We can hope for the future — and I do — but, meanwhile, we still live in exceptionally precarious times, Black people and POC more than most.
In These Times’ Camille Williams posted an article yesterday (November 25, 2020), “The Climate Movement’s Reckoning With Black Lives Matter” which says, to begin with:
Environmental justice has never been separate from racial justice, according to Elizabeth Yeampierre, co-chair of the national Climate Justice Alliance and executive director of the intergenerational, woman-of-color-led climate organization, UPROSE. Had she not been sick with Covid-19, she would have been in the streets with the thousands protesting the killing of George Floyd.
“We’ve been fighting for the right to breathe [clean air],” Yeampierre says. “So the fact that cops are literally [taking our breath away] is not surprising.”CAMILLE WILLIAMS
Leah Thomas posted an article on Elle’s site in September that, unfortunately is no less true today: “‘I Can’t Breathe’ And The Inextricable Link Between Climate And Racial Justice”.
As a Black environmentalist, I find it impossible to separate my Blackness from my advocacy for our home planet. I’ve seen how social and environmental justice intersect with my own Black identity, how race plays a significant role in how BIPOC are able to safely experience the world around them. I’ve seen how these barriers—police brutality, environmental injustices, and health injustices—prevent Black people from not just living, but thriving.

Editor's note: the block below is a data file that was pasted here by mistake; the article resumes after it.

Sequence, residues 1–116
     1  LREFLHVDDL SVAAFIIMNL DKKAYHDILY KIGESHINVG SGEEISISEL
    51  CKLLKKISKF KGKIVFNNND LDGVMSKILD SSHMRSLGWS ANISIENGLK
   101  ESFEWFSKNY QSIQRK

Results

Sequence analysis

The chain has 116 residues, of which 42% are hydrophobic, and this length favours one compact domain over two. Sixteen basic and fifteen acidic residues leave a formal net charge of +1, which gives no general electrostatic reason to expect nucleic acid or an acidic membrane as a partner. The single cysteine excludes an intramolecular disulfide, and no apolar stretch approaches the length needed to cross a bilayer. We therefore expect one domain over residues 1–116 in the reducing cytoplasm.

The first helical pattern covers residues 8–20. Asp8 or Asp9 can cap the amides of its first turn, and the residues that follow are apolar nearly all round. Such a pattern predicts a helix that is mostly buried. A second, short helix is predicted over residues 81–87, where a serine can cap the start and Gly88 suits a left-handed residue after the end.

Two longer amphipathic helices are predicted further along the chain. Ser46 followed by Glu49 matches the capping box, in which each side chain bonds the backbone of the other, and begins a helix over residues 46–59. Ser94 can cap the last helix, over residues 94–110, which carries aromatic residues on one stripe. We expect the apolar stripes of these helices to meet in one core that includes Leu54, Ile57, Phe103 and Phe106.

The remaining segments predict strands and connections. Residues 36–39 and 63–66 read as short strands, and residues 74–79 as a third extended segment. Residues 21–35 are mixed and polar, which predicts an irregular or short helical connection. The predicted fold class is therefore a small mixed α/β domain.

Right now, we are living through the COVID-19 pandemic, a virus that has the ability to attack the respiratory system and cause breathing difficulties. And though we are all faced with the potential exposure to COVID, the reality is people of color have been disproportionately impacted in comparison to white Americans. Black Americans are dying from COVID-19 at more than twice the rate of white Americans, and it’s Black Americans who face bias in the healthcare system.LEAH THOMAS
These problems CAN be redressed if we all make sure they’re ADDRESSED, and that won’t happen unless we know they exist and agree that they shouldn’t.
A WRITING PROMPT FROM ME TO YOU: Write about something made of three parts.